In front of Paul Graham’s photographs - in particular, his diptychs that he calls "pairs of moments"- the viewer is reminded of Roland Barthes’s definition of the haiku: "It's a light scratch, a gash in the real, an inscription in time" which finds in the artist’s work an incredible echo. Paul Graham’s images and the haiku share this paradoxical apprehension of time: the immediate memory, "a lively street writing, a writing of the present, of the moment", the most capable genre of transcribing the tiny everyday events. In a unique gesture of designation, similar to the one of a child pointing, he lets us see on the surface, refusing any depth. This is the "being there" which is made immediately visible.
Using large formats that are hung low to the floor, Paul Graham reinforces the power of the images and makes the viewer part of the scenes, extending the real spaces of the gallery. The human proportions are retained. At times hung very low and near to the floor, the photographed ground becomes an extension of the real space in which one is standing. His photographs, both fascinating and unsettling, plunge the viewer into an ambiguous reality."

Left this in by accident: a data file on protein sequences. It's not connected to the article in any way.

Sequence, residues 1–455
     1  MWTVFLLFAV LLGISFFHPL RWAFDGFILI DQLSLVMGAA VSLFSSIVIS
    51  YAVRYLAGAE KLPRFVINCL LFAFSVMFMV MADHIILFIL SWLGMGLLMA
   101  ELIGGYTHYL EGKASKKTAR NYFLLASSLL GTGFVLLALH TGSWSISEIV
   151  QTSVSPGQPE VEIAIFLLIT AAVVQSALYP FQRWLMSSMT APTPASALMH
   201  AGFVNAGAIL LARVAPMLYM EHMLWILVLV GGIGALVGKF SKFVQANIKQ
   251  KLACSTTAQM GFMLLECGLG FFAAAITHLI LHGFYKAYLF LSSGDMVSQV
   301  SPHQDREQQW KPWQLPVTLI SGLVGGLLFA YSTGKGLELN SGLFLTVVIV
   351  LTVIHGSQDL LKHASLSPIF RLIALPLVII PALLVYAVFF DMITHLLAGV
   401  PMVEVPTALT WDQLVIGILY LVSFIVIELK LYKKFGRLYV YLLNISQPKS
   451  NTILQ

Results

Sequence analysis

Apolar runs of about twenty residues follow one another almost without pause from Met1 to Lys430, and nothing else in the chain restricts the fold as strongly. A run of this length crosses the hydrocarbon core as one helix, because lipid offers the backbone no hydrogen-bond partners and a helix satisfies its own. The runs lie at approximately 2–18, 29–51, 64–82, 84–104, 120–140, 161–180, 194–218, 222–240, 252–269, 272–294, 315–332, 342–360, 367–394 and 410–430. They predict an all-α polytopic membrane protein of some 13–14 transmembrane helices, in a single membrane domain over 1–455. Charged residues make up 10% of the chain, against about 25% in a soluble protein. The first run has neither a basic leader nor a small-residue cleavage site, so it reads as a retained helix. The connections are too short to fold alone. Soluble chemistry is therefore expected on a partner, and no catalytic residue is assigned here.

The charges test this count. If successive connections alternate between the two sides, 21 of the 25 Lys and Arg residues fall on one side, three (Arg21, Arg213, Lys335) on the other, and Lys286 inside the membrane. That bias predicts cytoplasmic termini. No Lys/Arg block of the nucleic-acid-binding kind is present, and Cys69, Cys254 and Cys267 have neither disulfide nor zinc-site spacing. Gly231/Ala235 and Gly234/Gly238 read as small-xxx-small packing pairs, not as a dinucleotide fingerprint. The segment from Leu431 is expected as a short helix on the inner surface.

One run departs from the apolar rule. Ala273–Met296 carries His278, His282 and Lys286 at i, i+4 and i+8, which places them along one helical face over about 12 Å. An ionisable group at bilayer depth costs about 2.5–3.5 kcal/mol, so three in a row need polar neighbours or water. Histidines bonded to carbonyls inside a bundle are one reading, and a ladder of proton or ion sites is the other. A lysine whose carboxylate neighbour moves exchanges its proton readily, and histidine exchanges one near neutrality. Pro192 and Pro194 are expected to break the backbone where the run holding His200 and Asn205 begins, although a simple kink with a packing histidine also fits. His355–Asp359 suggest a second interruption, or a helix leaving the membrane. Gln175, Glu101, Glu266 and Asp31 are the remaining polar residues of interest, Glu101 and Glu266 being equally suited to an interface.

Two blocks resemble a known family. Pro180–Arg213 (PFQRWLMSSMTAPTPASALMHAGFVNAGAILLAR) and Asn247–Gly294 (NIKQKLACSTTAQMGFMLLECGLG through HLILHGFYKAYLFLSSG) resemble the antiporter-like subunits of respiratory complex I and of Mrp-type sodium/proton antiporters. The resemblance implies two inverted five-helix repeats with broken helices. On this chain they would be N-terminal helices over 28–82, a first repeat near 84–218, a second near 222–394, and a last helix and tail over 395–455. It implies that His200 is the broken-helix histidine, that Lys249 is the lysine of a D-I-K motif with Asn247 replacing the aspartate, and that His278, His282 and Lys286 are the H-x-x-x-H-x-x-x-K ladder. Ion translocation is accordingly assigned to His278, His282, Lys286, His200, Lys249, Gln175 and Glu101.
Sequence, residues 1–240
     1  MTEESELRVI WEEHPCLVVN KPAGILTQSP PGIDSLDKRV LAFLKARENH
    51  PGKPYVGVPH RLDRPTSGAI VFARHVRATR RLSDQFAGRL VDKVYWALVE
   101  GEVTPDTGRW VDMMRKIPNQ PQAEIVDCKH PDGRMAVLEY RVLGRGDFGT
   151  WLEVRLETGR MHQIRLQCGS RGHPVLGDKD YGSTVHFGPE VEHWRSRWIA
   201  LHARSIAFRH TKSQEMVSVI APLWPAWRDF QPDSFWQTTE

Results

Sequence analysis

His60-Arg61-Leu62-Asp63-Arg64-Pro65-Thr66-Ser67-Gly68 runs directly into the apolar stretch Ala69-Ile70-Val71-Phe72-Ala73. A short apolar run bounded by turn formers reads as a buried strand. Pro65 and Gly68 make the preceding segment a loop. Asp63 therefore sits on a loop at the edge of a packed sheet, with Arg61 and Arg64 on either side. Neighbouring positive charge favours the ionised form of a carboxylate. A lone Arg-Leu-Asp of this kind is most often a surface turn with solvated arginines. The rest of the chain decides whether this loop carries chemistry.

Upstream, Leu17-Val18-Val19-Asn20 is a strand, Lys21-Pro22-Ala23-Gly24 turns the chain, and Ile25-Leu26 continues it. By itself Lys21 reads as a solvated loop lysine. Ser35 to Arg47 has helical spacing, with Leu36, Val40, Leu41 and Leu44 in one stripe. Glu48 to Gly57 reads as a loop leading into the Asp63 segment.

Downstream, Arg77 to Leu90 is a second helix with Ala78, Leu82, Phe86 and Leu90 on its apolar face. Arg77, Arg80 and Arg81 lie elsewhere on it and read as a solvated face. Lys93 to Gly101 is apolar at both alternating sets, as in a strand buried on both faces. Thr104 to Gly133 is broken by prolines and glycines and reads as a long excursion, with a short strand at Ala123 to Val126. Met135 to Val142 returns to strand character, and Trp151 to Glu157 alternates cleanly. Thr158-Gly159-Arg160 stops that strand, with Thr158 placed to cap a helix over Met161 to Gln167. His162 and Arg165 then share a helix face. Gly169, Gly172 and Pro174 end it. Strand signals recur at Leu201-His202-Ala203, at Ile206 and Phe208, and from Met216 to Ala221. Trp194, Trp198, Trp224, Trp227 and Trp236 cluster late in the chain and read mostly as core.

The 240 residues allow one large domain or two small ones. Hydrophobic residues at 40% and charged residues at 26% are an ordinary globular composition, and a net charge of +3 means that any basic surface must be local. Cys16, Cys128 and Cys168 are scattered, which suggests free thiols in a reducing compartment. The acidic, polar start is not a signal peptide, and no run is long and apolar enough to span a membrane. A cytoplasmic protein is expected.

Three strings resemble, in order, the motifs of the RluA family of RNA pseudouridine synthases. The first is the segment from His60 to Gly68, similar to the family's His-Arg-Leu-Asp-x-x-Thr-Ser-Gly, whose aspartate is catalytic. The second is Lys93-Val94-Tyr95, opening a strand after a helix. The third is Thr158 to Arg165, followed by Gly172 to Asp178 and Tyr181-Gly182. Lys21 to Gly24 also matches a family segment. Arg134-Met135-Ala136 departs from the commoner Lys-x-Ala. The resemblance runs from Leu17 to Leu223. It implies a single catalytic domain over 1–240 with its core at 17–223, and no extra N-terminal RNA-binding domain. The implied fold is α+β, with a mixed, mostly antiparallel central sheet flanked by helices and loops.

In the continuity of his former publications and as photographic books are an integral part of his practice, Paul Graham will publish a new book in collaboration with MACK.
Paul Graham was born in 1956 in England and lives and works in New York. He has been awarded the Hasselblad Foundation International Award in Photography 2012, the most prestigious international award for photography. His work has been the subject of more than eighty solo exhibitions in internationally renowned institutions including the Whitechapel Gallery, London; Museum of Modern Art, New York and Tate Gallery, London. Paul Graham’s work is included in such important public collections as the Solomon R. Guggenheim Museum, New York; the Centre Pompidou, Paris; the Museum of Modern Art and Metropolitan Museum, New York; the Los Angeles County Museum of Art; the San Francisco Museum of Modern Art; the Arts Council England, the V&A Museum and the National Museum of Photography, London; the Kunstmuseum Wolfsburg, Germany; the Det Kongelige Bibliotek, Copenhagen as well as in significant private collections worldwide.